One of the treasured tenets of my faith, learned since my return, is that God stands outside of time. My prayers, my beliefs, my faith itself are timeless to God. My return to the Church is as if I had never left.
And so it is with my understanding, my respect and my love for Benedict today; it is a post factum affair not only of the heart but of the head as well.
Francis’ humble first steps forced my attention back to Rome. As comprehension and appreciation deepened, I came finally to understand the man, and the pastor, whom Francis still so often references. I discovered that what I had called “coldness” was actually shyness, mixed with academic brilliance. What I saw as self-righteousness and accusation was really just a pastor’s focused teaching and guidance, expressed with both confidence and love.
Reread that quote above, from Benedict addressing the 22nd Annual World Youth Day in 2007. Those are not the words of a cold, dark and brooding enforcer. Those are words of love—words that thoroughly understand human nature, words that seek to foster human relationships. Words that dare us to love each other, ourselves and our God.
There is an Internet meme that shows the likenesses of the past three popes. Underneath John Paul II are the words This Is What We Believe, underneath Benedict: This Is Why We Believe It, and below Francis: Now, Go Do It.
Like all memes this clearly exaggerates. Yet it does point toward a basic underlying truth.
If Francis is seen today as the world’s pastor from a still imperfect Church—a pastor who seeks to more broadly expose God’s mercy, charity and forgiveness to a fallen world in great need of all three—much of his mission can only be understood in the context of who and what has preceded him.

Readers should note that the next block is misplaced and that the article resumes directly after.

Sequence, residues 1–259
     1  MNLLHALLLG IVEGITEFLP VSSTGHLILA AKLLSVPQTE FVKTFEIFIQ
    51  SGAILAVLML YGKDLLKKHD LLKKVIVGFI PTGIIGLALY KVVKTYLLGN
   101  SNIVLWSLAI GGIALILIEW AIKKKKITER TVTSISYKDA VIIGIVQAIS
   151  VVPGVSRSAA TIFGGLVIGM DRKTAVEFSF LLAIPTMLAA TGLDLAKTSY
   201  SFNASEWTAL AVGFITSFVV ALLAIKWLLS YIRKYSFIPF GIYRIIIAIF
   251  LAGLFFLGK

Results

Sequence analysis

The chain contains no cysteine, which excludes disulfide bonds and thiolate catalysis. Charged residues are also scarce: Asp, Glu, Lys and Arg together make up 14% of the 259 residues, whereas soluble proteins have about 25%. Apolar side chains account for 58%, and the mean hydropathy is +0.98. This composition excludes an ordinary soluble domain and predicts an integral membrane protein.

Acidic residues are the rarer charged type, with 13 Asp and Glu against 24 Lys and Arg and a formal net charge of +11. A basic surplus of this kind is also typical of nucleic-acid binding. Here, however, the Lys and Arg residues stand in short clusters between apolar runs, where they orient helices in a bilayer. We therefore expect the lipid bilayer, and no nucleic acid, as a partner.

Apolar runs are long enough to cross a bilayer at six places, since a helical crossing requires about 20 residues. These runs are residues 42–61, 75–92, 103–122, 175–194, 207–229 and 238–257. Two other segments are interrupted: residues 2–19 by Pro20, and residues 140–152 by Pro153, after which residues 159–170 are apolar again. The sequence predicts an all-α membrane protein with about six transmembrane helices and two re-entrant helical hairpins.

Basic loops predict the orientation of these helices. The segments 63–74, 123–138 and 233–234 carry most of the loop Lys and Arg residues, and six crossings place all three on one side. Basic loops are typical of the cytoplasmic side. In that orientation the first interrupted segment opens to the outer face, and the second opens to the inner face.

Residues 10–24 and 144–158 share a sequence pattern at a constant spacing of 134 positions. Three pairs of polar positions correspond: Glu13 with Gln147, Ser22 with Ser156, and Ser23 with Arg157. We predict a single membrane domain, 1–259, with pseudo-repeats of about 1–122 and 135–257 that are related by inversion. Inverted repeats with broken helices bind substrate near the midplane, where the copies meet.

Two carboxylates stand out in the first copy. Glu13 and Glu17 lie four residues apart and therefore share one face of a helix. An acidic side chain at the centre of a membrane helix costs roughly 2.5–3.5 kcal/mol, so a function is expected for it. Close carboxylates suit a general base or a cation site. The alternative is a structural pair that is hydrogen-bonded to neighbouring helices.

Benedict’s numerous books and writings stretch back many decades, and I invite you to begin, today, to expose yourself to them, because his academic yet accessible writings have helped set the stage for Francis’s pastoral mission.
Mercy and charity and forgiveness only make sense in the context of a world enslaved by—dare I say it?—sin. If man were without blemish, any talk of God’s mercy and forgiveness would be so much wasted breath. In fact, it would make no sense at all. Where Benedict defined, Francis now carries through, one fully dependent upon the other.
Also true of my journey. What began with Francis has—against all my expectations—circled back to Benedict, and now looks far beyond.
I am still reading. I am still learning. And I find, more and more, that the clarity of Benedict’s inspiring instruction helps illuminate the very road upon which I travel.
Let me be clear: no one mortal binds me to this place. Yes, Francis surely did bring me back. But in the end, it’s Christ and the Church itself, and all that has gone before, that now keeps me here.
I thank Benedict for his role in helping me realize that.
Tom Zampino is an attorney in private practice in New York City who makes his home on Long Island. He and his beautiful and accomplished wife have raised two fantastic daughters, four cats, two dogs and various other domesticated creatures over the past three decades. He blogs at Grace Pending.